I mean really, what would the CPC have done if the Libs had made their Minister of Public Works one of their unelected (not even defeated but not even run in the election) Quebec bagmen/organizers right after putting him in the Senate at the same time? Fortier is the decision that is truly worrisome in terms of potential corruption practices within the CPC government. Emerson is bad enough in terms of demonstrating contempt for the voters, but Fortier is unelected, could not be bothered to run to be in Parliament by his own words, suddenly controls pork/patronage central AND is entirely unaccountable to the elected House of Commons for his Ministry?!? Put these together and you have a really massive turnaround from everything the average citizen was led to expect from a Harper government. Adding a lobbyist to the Defence Ministry is also a really lousy move as well, and the thing of it is all three of these appointments/decisions impact the main selling point the CPC and Harper had, honesty/accountability/integrity in government and that they would be different from the past, especially the Liberal past. Yet to defend Emerson and Fortier they have had to rely on examples of Liberals doing the same in the past. Do they not understand just how badly that undercuts their credibility with those that were still not convinced about Harper and the CPC but were willing to give him this chance to see about him?

On a related point, I should add that trying to dismiss the criticism of these appointments when made by Liberals with a "well who are they to lecture us on ethics" works far better when there is some question as to whether there is a serious ethical question there to begin with. Unfortunately for the CPC/Harper, Emerson in particular by going to the Cabinet immediately after the election in another party is something very easy for people to grasp the ethical challenges of. Worse for the CPC the explanations both Harper and Emerson gave make it clear that if Harper had not offered Emerson a Cabinet position then Emerson would have stayed the Liberal he was elected as. That is impossible to sell as anything other than the sale of a seat and the willingness to purchase one, no matter how qualified for the government Cabinet the individual in question is. I have seen the defence of floor crossing is a historic tradition in this country, which is true, although usually on matters of principle. However, I wonder how many times in Canadian history has a minister in the Cabinet of the defeated government/party been retained by the incoming party/government as a member in its first Cabinet, especially where the Minister must change party affiliation in the process? I somehow doubt there are many examples of that in our history, and that is part of why this is causing such grief for Harper. Especially two weeks to the day after the man was elected under his first party affiliation.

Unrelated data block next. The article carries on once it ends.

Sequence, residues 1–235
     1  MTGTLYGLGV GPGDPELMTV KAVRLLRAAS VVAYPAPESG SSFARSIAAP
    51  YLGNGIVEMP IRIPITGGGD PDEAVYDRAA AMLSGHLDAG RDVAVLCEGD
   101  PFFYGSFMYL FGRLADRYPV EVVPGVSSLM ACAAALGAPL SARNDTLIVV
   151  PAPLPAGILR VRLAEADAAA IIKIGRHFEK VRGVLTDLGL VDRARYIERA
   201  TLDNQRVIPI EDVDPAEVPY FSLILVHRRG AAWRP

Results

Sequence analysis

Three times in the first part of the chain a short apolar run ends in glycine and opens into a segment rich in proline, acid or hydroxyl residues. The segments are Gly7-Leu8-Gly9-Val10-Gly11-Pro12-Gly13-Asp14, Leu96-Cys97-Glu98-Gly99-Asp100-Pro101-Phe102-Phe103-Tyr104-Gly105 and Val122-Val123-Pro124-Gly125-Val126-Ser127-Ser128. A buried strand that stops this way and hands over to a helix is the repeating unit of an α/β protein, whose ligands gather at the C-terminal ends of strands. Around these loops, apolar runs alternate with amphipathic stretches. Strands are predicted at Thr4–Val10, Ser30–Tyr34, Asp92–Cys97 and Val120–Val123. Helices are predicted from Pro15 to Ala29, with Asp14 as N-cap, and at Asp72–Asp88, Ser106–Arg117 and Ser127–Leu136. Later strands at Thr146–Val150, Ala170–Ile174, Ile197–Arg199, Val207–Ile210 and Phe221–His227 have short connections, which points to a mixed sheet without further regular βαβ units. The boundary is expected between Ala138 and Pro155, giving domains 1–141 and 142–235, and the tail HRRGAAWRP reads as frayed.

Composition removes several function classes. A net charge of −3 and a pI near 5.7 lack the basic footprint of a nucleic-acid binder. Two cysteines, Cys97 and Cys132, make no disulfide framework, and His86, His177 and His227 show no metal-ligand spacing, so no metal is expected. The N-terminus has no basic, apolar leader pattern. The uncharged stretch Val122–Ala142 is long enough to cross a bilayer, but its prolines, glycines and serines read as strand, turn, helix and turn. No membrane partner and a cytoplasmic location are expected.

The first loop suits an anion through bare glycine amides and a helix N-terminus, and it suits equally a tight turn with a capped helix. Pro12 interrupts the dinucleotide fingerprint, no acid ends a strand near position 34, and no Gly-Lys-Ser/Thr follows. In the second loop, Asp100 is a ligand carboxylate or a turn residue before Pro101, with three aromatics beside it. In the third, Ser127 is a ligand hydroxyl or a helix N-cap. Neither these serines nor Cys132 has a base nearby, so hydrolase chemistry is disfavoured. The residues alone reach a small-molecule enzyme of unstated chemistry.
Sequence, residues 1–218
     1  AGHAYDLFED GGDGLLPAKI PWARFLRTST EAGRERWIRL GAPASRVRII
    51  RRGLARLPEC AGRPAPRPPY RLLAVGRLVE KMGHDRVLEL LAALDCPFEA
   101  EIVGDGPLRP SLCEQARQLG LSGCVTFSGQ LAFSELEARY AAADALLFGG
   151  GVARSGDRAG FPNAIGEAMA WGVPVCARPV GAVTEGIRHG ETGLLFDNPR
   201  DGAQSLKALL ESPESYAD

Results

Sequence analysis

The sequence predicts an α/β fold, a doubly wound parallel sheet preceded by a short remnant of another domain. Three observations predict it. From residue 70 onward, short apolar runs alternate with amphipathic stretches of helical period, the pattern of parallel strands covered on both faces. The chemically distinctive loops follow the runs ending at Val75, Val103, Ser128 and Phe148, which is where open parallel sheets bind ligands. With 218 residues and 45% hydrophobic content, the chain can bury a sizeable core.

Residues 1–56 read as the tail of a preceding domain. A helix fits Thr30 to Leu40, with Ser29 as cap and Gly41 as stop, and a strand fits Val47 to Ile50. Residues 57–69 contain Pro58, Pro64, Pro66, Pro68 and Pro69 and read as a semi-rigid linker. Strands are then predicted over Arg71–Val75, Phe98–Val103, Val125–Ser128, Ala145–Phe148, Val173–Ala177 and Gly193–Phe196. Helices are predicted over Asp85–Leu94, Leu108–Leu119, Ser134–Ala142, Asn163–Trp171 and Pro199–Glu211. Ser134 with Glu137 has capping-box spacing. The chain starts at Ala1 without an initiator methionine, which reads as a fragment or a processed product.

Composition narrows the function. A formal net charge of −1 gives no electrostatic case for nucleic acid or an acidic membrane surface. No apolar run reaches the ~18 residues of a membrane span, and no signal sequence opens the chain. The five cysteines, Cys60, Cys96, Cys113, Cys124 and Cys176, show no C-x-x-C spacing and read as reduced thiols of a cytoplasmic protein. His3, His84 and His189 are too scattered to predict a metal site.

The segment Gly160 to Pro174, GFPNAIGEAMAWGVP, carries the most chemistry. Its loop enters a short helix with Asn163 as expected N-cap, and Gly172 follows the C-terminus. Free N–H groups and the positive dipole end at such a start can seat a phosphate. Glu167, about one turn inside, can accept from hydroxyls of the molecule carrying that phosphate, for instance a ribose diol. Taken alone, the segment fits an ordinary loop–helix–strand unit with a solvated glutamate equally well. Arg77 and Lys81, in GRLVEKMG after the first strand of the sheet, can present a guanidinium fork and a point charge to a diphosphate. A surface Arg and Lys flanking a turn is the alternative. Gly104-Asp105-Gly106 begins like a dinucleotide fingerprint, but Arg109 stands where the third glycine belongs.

The irony is that these were all self made troubles by Harper and the CPC. None of this had to happen to them on what should have been their moment of shining glory as they took over the reigns of power/Parliament for the first time ever. Instead Harper and the CPC have seriously weakened their position with the public and quite likely impaired their ability to move their agenda through what would already be a difficult environment in Parliament because of his weak minority. I will be extremely surprised if at the end of the day this ends up having been anything other then a net negative for this government, Harper, and the CPC itself. The arrogance that was so bad that the Liberals were turfed for it appears to have shown itself in the CPC on the first day of power, and that is not a good sign/omen in most people's books whatever their political interests. The clear contradictions between what Canadians heard Harper and the CPC say about Stronach are already ringing in their ears as they watch Harper and the CPC defend Emerson. If/when the public starts to understand just how unusual it is for the Minister of Public works to be an unelected campaign chair that also got a Senate appointment out of it on his word he resigns it to run in the next general election, not byelection, general election that ethical lapse will really be used against the CPC. Harper needs to be trusted by the public to be able to run a trust me government. So far he is not off to a good start for doing that, and given his reluctance to defend his choices vigourously in the media other than to effectively say trust me this is going to be a problem for him in the longer term I suspect.

Wednesday, February 08, 2006

Is this smart politics, especially after Emerson/Fortier on Day one?